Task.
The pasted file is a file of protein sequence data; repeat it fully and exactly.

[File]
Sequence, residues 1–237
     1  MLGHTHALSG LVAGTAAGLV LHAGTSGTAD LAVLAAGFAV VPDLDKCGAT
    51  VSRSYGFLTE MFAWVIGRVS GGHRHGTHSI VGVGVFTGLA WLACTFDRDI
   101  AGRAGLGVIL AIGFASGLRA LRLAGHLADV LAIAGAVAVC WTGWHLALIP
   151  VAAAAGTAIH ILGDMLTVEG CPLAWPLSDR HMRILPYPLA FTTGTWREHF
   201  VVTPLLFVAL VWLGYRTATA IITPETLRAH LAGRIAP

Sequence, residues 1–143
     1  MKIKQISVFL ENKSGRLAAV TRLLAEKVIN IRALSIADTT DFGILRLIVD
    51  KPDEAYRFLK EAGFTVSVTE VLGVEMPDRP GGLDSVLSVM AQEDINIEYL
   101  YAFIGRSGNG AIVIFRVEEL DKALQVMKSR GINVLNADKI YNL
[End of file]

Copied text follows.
Sequence, residues 1–237
     1  MLGHTHALSG LVAGTAAGLV LHAGTSGTAD LAVLAAGFAV VPDLDKCGAT
    51  VSRSYGFLTE MFAWVIGRVS GGHRHGTHSI VGVGVFTGLA WLACTFDRDI
   101  AGRAGLGVIL AIGFASGLRA LRLAGHLADV LAIAGAVAVC WTGWHLALIP
   151  VAAAAGTAIH ILGDMLTVEG CPLAWPLSDR HMRILPYPLA FTTGTWREHF
   201  VVTPLLFVAL VWLGYRTATA IITPETLRAH LAGRIAP

Sequence, residues 1–143
     1  MKIKQISVFL ENKSGRLAAV TRLLAEKVIN IRALSIADTT DFGILRLIVD
    51  KPDEAYRFLK EAGFTVSVTE VLGVEMPDRP GGLDSVLSVM AQEDINIEYL
   101  YAFIGRSGNG AIVIFRVEEL DKALQVMKSR GINVLNADKI YNL